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December 2013 Archives : Myeloma Voices

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In the current issue of the journal Science there is a special section called "Single-Cell Biology" (cells go solo). It is now technically feasible to study individual cells in great detail at the molecular, metabolic and functional levels. What is being discovered is that a reading of the "average" from 100, 1,000 or a million cells as has previously been done disguises the great diversity at the individual cell level. 

This raises the question: Are there high-risk genetic features in myeloma cells? 

The answer turns out to be yes and no! Some do and some don't have really abnormal genetic profiles. Discovering the ones that do can guide us to the next phase of therapy for myeloma patients. 

This is significant for the International Myeloma Foundation's signature project, the Black Swan Research Initiative, which is directed towards finding a cure for myeloma. If a myeloma patient's treatment produces an excellent result, with achievement of Minimal Residual Disease (MRD) Zero (no detectable myeloma), follow-up monitoring is required. Although it is hoped and assumed that many patients will have sustained MRD-Zero and may be cured, some will not be cured with the first attempt. These patients will start to have single cells of myeloma detectable by flow cytometry on MRD testing. 

Studies of these single residual myeloma cells will provide the clues needed to eradicate the cells with new alternate and/or higher dose therapy. Checking cells one by one, as BSRI team members Dr. Alberto Orfao and Dr. Ola Landgren are now able to do, will illustrate the diversity and need most likely for a combination approach  to eradicate all these residual myeloma cells. This new technology for single-cell analyses can be key in coming up with the answers to achieving cure! And it is just another piece of the puzzle that is the BSRI, a multifaceted approach to cure myeloma.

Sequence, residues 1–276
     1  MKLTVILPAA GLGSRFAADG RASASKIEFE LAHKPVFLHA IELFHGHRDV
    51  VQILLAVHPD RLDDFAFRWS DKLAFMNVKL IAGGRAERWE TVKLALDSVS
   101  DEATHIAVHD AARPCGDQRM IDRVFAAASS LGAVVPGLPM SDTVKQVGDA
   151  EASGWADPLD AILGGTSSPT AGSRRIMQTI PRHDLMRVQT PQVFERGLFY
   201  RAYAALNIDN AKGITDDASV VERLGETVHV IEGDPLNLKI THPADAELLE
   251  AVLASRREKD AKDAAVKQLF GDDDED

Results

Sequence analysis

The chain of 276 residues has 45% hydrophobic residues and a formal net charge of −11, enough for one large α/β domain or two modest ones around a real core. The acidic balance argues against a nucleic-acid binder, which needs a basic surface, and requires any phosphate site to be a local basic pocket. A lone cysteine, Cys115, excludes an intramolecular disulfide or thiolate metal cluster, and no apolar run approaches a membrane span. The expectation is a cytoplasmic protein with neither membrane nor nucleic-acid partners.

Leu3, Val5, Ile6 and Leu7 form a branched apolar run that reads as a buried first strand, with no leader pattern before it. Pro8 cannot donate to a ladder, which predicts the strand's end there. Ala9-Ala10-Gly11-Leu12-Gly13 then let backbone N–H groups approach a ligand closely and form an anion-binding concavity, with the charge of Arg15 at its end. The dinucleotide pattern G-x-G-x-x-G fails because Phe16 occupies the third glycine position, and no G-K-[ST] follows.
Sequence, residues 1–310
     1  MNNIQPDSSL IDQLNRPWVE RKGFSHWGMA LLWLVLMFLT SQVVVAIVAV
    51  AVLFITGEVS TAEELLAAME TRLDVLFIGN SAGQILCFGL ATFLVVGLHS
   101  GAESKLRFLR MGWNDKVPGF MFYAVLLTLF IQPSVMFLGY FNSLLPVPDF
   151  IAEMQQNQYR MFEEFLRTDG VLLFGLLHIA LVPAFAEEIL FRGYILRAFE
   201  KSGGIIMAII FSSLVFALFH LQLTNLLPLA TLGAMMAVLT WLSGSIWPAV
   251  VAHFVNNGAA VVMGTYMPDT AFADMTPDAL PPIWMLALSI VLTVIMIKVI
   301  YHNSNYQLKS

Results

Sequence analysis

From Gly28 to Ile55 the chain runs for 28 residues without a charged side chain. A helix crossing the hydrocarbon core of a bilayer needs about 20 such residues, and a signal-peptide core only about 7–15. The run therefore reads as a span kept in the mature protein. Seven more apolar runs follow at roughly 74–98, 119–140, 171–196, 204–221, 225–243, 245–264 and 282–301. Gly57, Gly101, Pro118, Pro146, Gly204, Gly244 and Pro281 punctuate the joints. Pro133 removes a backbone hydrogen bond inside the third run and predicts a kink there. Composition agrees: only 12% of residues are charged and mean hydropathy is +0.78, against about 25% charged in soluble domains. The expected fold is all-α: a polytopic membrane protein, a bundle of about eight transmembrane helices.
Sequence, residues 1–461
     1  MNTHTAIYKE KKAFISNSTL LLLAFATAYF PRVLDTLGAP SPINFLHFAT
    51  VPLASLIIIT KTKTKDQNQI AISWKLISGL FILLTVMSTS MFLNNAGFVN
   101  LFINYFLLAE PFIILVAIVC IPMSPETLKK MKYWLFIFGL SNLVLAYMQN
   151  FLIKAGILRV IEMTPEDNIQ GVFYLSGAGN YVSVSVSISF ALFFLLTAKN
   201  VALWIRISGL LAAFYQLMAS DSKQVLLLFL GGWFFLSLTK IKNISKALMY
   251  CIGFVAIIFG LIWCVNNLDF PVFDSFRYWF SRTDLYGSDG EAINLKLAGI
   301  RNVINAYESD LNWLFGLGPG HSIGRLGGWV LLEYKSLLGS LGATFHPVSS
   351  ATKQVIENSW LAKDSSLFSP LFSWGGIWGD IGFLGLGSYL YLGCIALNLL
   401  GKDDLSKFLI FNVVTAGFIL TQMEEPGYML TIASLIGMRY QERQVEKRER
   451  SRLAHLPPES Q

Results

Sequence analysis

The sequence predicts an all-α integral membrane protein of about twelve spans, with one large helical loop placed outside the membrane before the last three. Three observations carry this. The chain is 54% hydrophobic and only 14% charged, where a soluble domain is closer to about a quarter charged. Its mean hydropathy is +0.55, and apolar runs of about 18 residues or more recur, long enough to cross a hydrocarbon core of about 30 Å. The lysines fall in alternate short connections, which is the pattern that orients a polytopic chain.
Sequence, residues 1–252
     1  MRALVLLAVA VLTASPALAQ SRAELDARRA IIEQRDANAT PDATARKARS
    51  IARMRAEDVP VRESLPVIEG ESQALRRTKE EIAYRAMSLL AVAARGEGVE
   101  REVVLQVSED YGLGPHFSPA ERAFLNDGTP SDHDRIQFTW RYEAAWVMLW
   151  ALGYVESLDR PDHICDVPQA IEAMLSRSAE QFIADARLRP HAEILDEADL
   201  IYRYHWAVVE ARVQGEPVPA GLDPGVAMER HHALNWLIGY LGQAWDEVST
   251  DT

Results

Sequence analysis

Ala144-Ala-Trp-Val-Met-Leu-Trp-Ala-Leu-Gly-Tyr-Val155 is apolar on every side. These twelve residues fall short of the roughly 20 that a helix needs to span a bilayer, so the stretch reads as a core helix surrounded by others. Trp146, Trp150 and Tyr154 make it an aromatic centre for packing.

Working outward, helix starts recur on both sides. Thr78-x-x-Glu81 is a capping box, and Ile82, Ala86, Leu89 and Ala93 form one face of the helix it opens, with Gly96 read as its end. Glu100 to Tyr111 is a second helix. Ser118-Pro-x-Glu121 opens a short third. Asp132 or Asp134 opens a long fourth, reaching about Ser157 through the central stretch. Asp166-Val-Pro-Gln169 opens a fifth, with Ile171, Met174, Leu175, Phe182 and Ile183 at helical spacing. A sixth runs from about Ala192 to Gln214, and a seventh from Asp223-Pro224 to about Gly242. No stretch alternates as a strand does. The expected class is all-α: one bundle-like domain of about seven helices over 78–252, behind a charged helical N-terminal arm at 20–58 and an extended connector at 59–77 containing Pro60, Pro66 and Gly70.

To learn more, stay tuned as we update with blogs, teleconferences, and reports in 2014. 

Dr. Durie sincerely appreciates and reads all comments left here. However, he cannot answer specific medical questions and encourages readers to contact the trained IMF Hotline staff instead. Questions are answered with input from Dr. Durie and/or other scientific advisors and IMWG members as appropriate. To contact the IMF Hotline, call  800-452-CURE, toll-free in the US and Canada, or send an email to hotline@myeloma.org. Hotline hours are 9 am to 4 pm PST. Thank you.
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This year's annual meeting of the American Hematological Society (ASH) was truly exhausting, but especially exciting. So many abstracts, so little time!  One had to be a magician to cover major sessions running in parallel. Add to that the cold weather in New Orleans, travel delays, a vast, maze-like, conference center, and you end up with multiple 18-hour days.

But there was much to learn and the IMF's goal is to see the research results through the language and lens of science and point the way forward for patients towards better outcomes and a cure.

On the final evening, the IMF's Conference Series debate, "Making Sense of Treatment" went a long way to capturing the key outcomes from this year's ASH. Four topics were covered: Best Frontline Options; the Role of Maintenance; Minimal Residual Disease: Is This Important?; and New Drugs: Which Will Make an Impact?  The panel from our Stockholm Conference Series --- Doctors Antonio Palumbo, Ola Landgren, Joseph Mikhael and myself--returned to do battle again!

Best Frontline Options

The impact of novel therapies is clearly evident in the improved outcomes in the frontline setting. The panelists grappled with two main questions: How many drugs should be used in an ideal combination? And is carfilzomib (Kyprolis) now preferred over bortezomib (Velcade)? An important ancillary question  was whether or not treatment should change based upon the age or "fitness" of the patient, which is an important research interest for Antonio Palumbo.

Two drugs (Revlimid/low dose dexamethasone (Rd)) prevailed in the MM-020 trial presented at the plenary session. Rd as continuous therapy was superior for patients over age 65 years versus Rd for 18 months and MPT (Melphalan, prednisone, thalidomide) for 12 cycles- which is the standard, approved MPT protocol. So there was a clear vote for 2 drugs (Rd) in this elderly setting. But what about transplant eligible patients? 

Results with both Velcade and Kyprolis combinations as 3 drug combinations are really good. It was generally agreed that 3 drugs are enough (versus 4 or even 5 drug combinations) unless possibly one of the new monoclonal antibodies adds an important new mechanism of action.

Results incorporating either Revlimid (VRd or CRd) or Cytoxan (VCd [Cybord] or CRd) into the combinations are really excellent. But even higher percentage and deeper responses are clearly occurring with the Kyprolis combinations. 

So what did our experts have to say about all this?